Do you ever get overwhelmed by the floods of EdTech apps & tools online?
If so, fear not. Relax, make a cup of coffee, preferably Irish coffee, and let your online explorers climb the mountains of endless apps on your behalf 😉
This is for teachers who are just dipping their toes into educational apps for education or who are trying to scale Web2.0 versus Web 3.0 technology.
I’m about to share some of my oldest favourites as well as some cool new apps for iPad. Many new ideas and tools have come my way through involvement with the ELT Blog Carnival, The Reform Symposium, and more recently, the virtual Round Tables conference. These three events hosted tech-savvy, high-profile educators who shared their dream apps and tools online.
I’m now making a short list of my own favourites and will also include links to the events and blogs that have been shared and collected by our EdTech enthusiasts and experts online.
My old favourites include apps for news, skills-building, and creative language use. I’ll put my short list here in no particular order.
Some of these old web 2.0 favourites have been converted into applications for iPads for a new generation of mobile inspiration. most are free or almost free.
1) For news, fluency development, and blended and flipped learning autonomy.
There are currently eight useful apps on the Edulang website for news, business, exams, vocabulary, grammar and daily life. I’ve always found these apps to be the perfect supplement to any kind of course.
Make Belief comix, one of the first comic websites I found online has recently launched it’s app for iPads.
I have written a lot about this site in the past and I have featured it in webinars.
Bitstrips is another old favourite that developed an app.for facebook some time last year. I’ve been having a lot of fun with it recently and featured it during the recent Virtual Round Table Conference. To learn more about this you can see my presentation on slideshare and watch the recording on livestream.
3) Interactive posters
New generation glogster is my blank canvas for storytelling, news, video, tv shows, it’s everything you can create by combining multi-media with visual and textual literacy. Extremely user-friendly for students.
4) Endless blank canvas
Although Prezi is seen mostly as a presentation tool for teachers and business professionals, students learn it very quickly and it’s creative potential is endless. They can create, share, collaborate and build amazing school projects – a must-have for schools and universities. It’s beautiful on the touch screen and can be used online and offline.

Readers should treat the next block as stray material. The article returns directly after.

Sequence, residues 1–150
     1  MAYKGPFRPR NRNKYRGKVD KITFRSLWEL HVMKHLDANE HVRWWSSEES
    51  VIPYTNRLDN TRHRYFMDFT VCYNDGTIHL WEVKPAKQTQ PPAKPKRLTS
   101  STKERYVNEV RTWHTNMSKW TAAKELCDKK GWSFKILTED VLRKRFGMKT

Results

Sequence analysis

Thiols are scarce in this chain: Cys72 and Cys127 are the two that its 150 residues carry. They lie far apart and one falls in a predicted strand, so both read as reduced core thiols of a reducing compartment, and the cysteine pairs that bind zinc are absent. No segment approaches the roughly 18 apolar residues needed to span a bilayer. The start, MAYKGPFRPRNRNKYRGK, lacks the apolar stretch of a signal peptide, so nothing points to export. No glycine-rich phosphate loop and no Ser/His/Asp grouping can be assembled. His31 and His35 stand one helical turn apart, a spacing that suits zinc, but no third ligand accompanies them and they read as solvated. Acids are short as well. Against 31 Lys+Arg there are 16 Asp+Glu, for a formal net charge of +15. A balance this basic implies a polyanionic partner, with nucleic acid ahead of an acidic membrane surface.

5) Let the neurons link, fly, hook and catch.
My favourite mindmapping tools are also available as apps for iPad, and a very cheap, if not free.
6) Lexical Tools
This is a tool I’ve really enjoyed using in the past year as it’s extremely user-friendly and multi-facted. I was very interested to see that Leo Selivan aka ‘Lexico Leo’ had given a very rich and well-researched webinar on this tool for the Virtual Round Table conference. Here is an amazing article where he tells us all about lexical tools, including Quizlet.
7) Students learn from self- created animations:
User-friendly, fun storytelling for practising all kinds of language skills.
Here’s one with conditionals created by my bilingual daughter last year.
Where art, dreams and stories meet to co- create.
Remember that students are the creators here, as well as teachers. Think of what you can do with this.
10) Learn English apps by The British Council
11) BBC six minute English dream apps
Time to speed things up.
This is me chasing after my tech-savvy colleagues who are going off on a magic conference bus tour without me. I’m chasing after more apps recently discovered or shared online through blog carnivals and conferences.
1) Speech to text tools to hep your students practise pronunciation.
Voice assistant, just use your voice instead of typing. The implications of using a tool like this for language teaching are vast. Although I won’t go into ideas now, I may write about ideas for using this in future.
2) Fun apps for writing:
Powtoons is a lovely tool for encouraging students to write with multi-media style.
3) Draw my thing:
Online pictionary game shared by David Deubelbeiss.
4) Somewhere lovely to store all your apps.
Symbaloo shared by Shelly Terrell
5) Social phrasebooks.
by phraseum shared by Nik Peachey
Collect words, phrases and sentences from anywhere on the web while you you browse and organise them into social phrasebooks.
6) Adventure narrative games.
Samarost one and Samarost two by Nik Peachey.
9) Bring your own device and share your own app – Virtual Round Table
Inspiration ends in savvy 😉
Here ends my article on apps 😉
Really….for now, at least….!!
I’ll leave you with a quote from Nik Peachey which should encourage us to intrepidly experiment with change. As long as your changes are creative, practical and make a difference pedagogically, that is all you need to know. You can be your own expert on your own students and teaching relationships without always looking for tried and tested blueprints from the top down that are ultimately part of an unchanging system.
I’m beginning to think that the biggest problem we face with changing the way education is delivered is that the people who are now responsible for changing it are the people for whom the existing system was successful.
..and a great answer….
“ you’ll become more popular in circles, but less popular with squares.”